OTTAWA (Reuters) -Canada’s exports rose 2.8% in February to a record high, driven mostly by energy products, while imports climbed 3.9% from the previous month, data from Statistics Canada showed on Tuesday, with economists anticipating more gains for exports ahead.
The country’s trade surplus with the world narrowed to C$2.66 billion ($2.14 billion), below analyst forecasts of C$2.9 billion. But exports came in above expectations at C$58.75 billion, with imports at C$56.08 billion.
Statscan also said border blockades in February by anti-vaccine mandate protesters had little impact on overall trade activity, with most road shipments rerouted.
“Canada’s trade balance narrowed slightly in February as imports recovered from the previous month’s weakness. However, the bigger story is the recent string of surpluses supported by strength in energy prices,” Shelly Kaushik, an economist at BMO Economics, said in a note.
“Looking ahead, a further surge in commodity prices will continue to buoy exports in March.”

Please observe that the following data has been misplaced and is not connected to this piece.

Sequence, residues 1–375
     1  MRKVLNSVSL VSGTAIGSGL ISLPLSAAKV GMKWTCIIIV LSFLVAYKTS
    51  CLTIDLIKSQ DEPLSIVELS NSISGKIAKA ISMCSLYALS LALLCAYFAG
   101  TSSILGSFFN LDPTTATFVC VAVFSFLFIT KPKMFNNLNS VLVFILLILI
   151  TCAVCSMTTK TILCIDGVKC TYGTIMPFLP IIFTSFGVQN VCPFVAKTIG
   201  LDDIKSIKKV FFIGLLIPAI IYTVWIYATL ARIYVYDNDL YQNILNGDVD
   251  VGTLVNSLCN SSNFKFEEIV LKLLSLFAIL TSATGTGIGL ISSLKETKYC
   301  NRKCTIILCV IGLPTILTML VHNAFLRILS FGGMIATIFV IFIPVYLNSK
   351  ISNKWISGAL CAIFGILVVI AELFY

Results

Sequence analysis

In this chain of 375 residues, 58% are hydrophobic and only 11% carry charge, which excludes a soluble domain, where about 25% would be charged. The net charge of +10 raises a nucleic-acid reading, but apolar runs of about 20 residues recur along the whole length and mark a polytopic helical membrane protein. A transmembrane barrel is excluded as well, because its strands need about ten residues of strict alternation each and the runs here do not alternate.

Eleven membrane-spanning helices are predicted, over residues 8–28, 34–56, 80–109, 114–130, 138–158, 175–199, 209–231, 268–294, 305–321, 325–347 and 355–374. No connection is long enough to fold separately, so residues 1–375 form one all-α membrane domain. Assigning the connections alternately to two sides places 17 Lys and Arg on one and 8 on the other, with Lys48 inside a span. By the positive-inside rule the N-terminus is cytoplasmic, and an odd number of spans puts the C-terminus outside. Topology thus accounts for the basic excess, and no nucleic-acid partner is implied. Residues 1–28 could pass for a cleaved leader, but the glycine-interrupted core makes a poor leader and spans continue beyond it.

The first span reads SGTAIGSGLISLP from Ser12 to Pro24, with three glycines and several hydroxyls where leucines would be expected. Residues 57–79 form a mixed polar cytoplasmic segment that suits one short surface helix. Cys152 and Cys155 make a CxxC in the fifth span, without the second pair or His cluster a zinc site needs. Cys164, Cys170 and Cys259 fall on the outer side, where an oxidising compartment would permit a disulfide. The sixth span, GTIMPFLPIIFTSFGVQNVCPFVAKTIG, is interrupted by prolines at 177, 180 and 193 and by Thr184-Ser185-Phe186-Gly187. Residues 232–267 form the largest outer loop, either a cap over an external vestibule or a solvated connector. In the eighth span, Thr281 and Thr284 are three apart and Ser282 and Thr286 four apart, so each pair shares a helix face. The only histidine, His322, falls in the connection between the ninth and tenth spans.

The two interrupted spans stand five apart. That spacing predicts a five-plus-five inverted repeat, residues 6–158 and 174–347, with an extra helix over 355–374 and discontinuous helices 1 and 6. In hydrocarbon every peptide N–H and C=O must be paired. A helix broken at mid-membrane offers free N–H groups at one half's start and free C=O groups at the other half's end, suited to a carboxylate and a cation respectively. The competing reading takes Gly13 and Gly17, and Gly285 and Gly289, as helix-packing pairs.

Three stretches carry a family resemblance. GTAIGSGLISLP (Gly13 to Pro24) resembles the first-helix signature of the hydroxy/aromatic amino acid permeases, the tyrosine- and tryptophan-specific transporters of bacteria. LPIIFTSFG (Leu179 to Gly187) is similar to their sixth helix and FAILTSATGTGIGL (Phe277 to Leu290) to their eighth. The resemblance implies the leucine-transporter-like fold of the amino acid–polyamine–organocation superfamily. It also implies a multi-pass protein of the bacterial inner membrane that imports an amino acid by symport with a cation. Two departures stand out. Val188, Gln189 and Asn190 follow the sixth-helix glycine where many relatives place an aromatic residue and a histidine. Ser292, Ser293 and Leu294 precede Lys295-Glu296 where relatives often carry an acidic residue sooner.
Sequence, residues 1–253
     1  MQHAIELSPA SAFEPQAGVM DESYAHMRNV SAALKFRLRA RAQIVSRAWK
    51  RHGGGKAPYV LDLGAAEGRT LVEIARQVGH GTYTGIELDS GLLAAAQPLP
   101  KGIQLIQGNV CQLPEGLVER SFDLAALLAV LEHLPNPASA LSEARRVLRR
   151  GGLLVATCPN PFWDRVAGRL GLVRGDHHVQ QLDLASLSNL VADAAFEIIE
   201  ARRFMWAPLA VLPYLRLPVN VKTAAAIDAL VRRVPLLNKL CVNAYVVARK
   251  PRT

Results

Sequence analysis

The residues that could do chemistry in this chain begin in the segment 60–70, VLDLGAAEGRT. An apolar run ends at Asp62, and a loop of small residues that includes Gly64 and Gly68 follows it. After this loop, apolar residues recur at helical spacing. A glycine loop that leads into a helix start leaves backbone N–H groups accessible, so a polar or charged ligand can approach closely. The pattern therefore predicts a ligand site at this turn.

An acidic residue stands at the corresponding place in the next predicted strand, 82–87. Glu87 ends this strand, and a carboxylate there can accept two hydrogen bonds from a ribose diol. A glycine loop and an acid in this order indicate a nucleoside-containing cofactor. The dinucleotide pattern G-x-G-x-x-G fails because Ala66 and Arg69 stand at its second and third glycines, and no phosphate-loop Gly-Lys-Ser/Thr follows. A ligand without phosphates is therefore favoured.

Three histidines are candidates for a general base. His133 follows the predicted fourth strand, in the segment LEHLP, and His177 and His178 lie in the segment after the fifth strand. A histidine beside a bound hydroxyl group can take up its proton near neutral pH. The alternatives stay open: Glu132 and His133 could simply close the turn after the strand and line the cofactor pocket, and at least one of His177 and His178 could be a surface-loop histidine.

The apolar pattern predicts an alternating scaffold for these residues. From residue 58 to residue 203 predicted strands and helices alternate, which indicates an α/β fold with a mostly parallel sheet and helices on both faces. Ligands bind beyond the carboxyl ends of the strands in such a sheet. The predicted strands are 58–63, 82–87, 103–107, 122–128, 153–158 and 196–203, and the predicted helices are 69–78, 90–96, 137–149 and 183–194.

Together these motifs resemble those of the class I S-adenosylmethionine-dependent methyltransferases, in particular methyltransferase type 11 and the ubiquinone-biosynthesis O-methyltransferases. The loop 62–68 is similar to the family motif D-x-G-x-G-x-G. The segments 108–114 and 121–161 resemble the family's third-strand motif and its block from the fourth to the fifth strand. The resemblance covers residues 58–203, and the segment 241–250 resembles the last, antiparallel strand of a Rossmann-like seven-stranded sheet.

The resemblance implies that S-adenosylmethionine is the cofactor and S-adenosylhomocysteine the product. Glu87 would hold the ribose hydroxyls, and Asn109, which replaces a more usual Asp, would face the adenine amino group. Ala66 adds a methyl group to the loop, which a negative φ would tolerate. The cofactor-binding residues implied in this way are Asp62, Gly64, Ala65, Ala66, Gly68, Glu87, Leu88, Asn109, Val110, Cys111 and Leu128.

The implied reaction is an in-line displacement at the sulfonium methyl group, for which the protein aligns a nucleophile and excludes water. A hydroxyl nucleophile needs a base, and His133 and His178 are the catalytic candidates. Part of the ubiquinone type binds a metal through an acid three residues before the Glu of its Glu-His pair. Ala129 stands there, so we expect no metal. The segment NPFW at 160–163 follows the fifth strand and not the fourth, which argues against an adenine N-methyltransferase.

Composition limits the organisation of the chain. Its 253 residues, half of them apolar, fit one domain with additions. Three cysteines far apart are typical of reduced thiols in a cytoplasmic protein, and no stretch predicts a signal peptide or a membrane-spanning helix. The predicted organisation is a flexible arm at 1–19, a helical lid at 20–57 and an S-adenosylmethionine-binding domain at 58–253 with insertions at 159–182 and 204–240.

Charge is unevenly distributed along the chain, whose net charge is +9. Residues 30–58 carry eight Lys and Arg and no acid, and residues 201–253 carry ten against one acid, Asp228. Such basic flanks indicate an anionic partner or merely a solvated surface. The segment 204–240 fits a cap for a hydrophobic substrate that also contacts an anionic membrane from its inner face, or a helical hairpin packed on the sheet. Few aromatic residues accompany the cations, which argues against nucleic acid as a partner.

Energy exports rose 7.8% to a record high, making up more than two-thirds of the total increase, while exports of non-energy products were up 1.2%. In volume terms, exports were up 0.6%.
“Exports of crude oil contributed the most to the growth in February 2022, largely due to higher prices,” Statscan said.
Oil prices were climbing even before Russia invaded Ukraine on Feb. 24 and have since surged. Canada is the world’s fourth-largest producer of oil.
The crisis also has pushed up imports, with Canada’s imports of fertilizers, pesticides and other chemicals hitting a record high. Statscan pointed to lower production in China and quotas on fertilizer exports from Russia as contributing factors.
“These events create uncertainty about the availability and the cost of these products, resulting in atypical movements for Canadian fertilizer imports,” it said.
With imports expected to drop back in March and commodity exports to benefit from rising prices, the surplus is likely to widen in coming months, analysts said.
“By our estimates, the terms of trade is now the most favorable on record and points to an improvement in the goods trade surplus to as high as C$6.0 billion,” Stephen Brown, senior Canada economist at Capital Economics, said in a note.
“It remains to be seen how much of that extra income will find its way into the rest of the economy,” he added.
The Canadian dollar was trading 0.6% higher at 1.2410 to the greenback, or 80.58 U.S. cents.
(Reporting by Julie Gordon in Ottawa; additional reporting by Fergal Smith in Toronto; editing by Paul Simao and Jonathan Oatis)